Daytime (or dayside cleft) aurora is almost a permanent feature of the midday skies over Spitsbergen during the continuous darkness of the polar night It was observed in one or other of its characteristic forms around geomagnetic noon on 58 of 59 clear day sduring the wintersof 1987/1988, 1990/1991, and 1992/1993. The three types of day time aurora were studied by visual, colour photographic, and interference-filter techniques to confirm the precise nature of the observed emissions. Prenoon aurora, which is characterised by diffuse, patchy, green aurora at 557.7 nm, was observed on 42 occasions. It is generated by low-energy electrons of less than 300 eV coming through the entry layer of the dayside cleft. Noontime aurora, which consists largely of pure red emissions at 630.0/636.4 nm, was observed on 50 occasions. It is generated by high-flux, very low-energy electrons of 10–50 eV flowing directly from the solar wind through the polar cusp. Postnoon aurora, which is characterised by discrete, green auroral arcs at 557.7 nm, was also observed on 42 occasions. Like prenoon aurora, it is generated by low-energy electrons of less than 300 eV derived from the entry layer of the cleft Occasionally, some background or diffuse aurora is also observed, generated by high fluxes of low-energy proton precipitation and characterised by the hydrogen lines Hα and Hβ. On the one exceptional day on which daytime aurora was not observed, magnetic activity was exceptionally low.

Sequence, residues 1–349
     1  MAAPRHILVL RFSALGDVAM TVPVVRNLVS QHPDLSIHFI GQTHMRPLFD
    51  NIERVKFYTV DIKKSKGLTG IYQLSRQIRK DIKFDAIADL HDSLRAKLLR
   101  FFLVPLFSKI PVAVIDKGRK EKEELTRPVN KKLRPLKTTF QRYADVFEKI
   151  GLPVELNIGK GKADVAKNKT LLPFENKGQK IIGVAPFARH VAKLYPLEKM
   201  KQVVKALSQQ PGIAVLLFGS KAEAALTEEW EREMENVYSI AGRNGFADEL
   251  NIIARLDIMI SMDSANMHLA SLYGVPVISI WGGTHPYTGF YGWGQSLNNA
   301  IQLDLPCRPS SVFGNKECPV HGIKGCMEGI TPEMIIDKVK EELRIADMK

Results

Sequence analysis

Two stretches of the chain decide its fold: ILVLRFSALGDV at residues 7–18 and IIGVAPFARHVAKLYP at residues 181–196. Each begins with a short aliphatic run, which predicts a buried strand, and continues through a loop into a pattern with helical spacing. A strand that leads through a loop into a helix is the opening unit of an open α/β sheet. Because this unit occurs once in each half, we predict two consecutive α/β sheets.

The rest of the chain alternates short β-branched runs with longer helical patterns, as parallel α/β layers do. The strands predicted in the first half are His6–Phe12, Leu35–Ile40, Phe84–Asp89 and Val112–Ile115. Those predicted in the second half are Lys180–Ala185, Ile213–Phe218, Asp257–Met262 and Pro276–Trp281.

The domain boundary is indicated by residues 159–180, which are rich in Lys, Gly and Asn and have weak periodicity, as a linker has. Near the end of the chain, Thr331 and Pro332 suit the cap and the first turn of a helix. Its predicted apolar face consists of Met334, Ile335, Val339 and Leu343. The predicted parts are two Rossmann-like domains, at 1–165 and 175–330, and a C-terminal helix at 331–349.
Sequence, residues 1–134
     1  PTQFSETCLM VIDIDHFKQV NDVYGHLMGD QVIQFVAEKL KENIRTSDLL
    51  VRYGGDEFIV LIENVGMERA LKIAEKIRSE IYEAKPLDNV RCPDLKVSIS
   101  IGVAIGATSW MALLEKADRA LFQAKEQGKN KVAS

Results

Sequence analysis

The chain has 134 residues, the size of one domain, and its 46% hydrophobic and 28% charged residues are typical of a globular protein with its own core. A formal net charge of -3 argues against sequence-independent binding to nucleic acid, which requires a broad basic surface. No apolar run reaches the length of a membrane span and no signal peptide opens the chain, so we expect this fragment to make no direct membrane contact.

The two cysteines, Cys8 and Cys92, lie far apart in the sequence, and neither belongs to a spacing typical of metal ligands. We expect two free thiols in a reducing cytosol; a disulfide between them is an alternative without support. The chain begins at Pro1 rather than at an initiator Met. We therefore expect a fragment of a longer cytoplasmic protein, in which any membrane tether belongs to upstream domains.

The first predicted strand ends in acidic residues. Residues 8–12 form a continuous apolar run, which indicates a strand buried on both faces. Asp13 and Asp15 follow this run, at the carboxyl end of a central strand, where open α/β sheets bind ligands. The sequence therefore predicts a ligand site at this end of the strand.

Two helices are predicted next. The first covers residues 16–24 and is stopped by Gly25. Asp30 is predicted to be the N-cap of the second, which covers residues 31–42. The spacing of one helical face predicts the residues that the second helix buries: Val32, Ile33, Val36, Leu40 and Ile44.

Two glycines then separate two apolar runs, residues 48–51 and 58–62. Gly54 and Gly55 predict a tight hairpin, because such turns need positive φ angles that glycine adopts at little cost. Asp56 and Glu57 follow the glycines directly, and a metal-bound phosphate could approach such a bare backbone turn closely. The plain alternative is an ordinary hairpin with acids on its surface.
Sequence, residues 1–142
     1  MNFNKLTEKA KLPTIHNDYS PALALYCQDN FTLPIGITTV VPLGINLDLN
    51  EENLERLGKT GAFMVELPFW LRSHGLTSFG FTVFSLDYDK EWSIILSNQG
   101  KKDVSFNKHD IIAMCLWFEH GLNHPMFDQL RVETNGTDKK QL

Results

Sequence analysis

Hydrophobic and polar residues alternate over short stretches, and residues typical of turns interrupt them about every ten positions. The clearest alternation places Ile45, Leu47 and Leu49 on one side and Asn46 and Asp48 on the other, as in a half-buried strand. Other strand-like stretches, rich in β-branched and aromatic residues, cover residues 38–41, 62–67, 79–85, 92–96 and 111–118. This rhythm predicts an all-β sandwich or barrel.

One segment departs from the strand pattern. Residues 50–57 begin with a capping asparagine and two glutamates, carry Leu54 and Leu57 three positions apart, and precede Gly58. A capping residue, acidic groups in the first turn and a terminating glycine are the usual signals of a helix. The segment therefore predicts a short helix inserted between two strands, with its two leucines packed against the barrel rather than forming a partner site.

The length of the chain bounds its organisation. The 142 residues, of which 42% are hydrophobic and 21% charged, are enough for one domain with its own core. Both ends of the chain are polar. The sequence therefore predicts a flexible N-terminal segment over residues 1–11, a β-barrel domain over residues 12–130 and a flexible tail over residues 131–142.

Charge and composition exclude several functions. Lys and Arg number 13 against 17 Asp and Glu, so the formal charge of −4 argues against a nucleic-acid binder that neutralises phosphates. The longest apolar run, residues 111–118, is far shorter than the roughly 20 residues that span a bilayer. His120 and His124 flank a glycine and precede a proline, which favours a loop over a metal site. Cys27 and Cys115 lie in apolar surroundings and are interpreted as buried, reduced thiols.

These ground-based observations complement satellite studies of analogous auroral events. In particular, the visual characteristics of the different types of daytime aurora may be explained in terms of the flux rates and energy profiles of the electrons that have been mapped in the different regions of the dayside cleft by satellite-borne detectors.